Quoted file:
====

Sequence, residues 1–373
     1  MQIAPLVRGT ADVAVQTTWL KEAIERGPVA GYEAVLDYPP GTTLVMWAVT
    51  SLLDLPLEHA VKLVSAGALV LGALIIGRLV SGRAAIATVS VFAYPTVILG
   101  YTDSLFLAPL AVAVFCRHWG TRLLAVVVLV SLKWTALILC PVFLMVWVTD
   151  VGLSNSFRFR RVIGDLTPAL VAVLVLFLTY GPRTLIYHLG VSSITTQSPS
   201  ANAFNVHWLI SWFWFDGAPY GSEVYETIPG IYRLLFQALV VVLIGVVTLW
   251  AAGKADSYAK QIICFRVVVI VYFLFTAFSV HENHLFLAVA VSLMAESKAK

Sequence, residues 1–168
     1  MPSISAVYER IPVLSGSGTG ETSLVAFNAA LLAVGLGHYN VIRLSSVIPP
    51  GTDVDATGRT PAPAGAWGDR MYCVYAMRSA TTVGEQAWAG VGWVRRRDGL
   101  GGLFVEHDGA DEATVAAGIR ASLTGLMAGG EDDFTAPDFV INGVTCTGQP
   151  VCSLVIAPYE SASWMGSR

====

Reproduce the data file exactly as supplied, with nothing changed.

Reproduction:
Sequence, residues 1–373
     1  MQIAPLVRGT ADVAVQTTWL KEAIERGPVA GYEAVLDYPP GTTLVMWAVT
    51  SLLDLPLEHA VKLVSAGALV LGALIIGRLV SGRAAIATVS VFAYPTVILG
   101  YTDSLFLAPL AVAVFCRHWG TRLLAVVVLV SLKWTALILC PVFLMVWVTD
   151  VGLSNSFRFR RVIGDLTPAL VAVLVLFLTY GPRTLIYHLG VSSITTQSPS
   201  ANAFNVHWLI SWFWFDGAPY GSEVYETIPG IYRLLFQALV VVLIGVVTLW
   251  AAGKADSYAK QIICFRVVVI VYFLFTAFSV HENHLFLAVA VSLMAESKAK

Sequence, residues 1–168
     1  MPSISAVYER IPVLSGSGTG ETSLVAFNAA LLAVGLGHYN VIRLSSVIPP
    51  GTDVDATGRT PAPAGAWGDR MYCVYAMRSA TTVGEQAWAG VGWVRRRDGL
   101  GGLFVEHDGA DEATVAAGIR ASLTGLMAGG EDDFTAPDFV INGVTCTGQP
   151  VCSLVIAPYE SASWMGSR